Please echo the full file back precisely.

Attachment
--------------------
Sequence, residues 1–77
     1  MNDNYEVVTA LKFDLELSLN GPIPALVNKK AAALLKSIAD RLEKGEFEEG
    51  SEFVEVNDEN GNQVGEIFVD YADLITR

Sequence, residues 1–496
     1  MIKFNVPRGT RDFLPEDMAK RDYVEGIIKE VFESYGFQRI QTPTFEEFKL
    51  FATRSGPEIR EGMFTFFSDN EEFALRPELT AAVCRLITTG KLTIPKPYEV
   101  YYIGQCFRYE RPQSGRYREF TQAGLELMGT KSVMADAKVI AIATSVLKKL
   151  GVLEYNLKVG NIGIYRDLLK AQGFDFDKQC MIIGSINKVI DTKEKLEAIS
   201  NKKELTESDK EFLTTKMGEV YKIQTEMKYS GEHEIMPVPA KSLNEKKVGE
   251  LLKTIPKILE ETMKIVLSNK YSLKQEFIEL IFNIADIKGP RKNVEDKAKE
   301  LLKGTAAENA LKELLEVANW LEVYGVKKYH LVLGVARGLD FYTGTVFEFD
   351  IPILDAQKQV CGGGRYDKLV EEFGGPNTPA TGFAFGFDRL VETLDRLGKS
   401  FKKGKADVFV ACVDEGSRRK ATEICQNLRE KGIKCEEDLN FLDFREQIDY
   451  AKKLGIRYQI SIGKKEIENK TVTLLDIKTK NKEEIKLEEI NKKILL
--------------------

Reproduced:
Sequence, residues 1–77
     1  MNDNYEVVTA LKFDLELSLN GPIPALVNKK AAALLKSIAD RLEKGEFEEG
    51  SEFVEVNDEN GNQVGEIFVD YADLITR

Sequence, residues 1–496
     1  MIKFNVPRGT RDFLPEDMAK RDYVEGIIKE VFESYGFQRI QTPTFEEFKL
    51  FATRSGPEIR EGMFTFFSDN EEFALRPELT AAVCRLITTG KLTIPKPYEV
   101  YYIGQCFRYE RPQSGRYREF TQAGLELMGT KSVMADAKVI AIATSVLKKL
   151  GVLEYNLKVG NIGIYRDLLK AQGFDFDKQC MIIGSINKVI DTKEKLEAIS
   201  NKKELTESDK EFLTTKMGEV YKIQTEMKYS GEHEIMPVPA KSLNEKKVGE
   251  LLKTIPKILE ETMKIVLSNK YSLKQEFIEL IFNIADIKGP RKNVEDKAKE
   301  LLKGTAAENA LKELLEVANW LEVYGVKKYH LVLGVARGLD FYTGTVFEFD
   351  IPILDAQKQV CGGGRYDKLV EEFGGPNTPA TGFAFGFDRL VETLDRLGKS
   401  FKKGKADVFV ACVDEGSRRK ATEICQNLRE KGIKCEEDLN FLDFREQIDY
   451  AKKLGIRYQI SIGKKEIENK TVTLLDIKTK NKEEIKLEEI NKKILL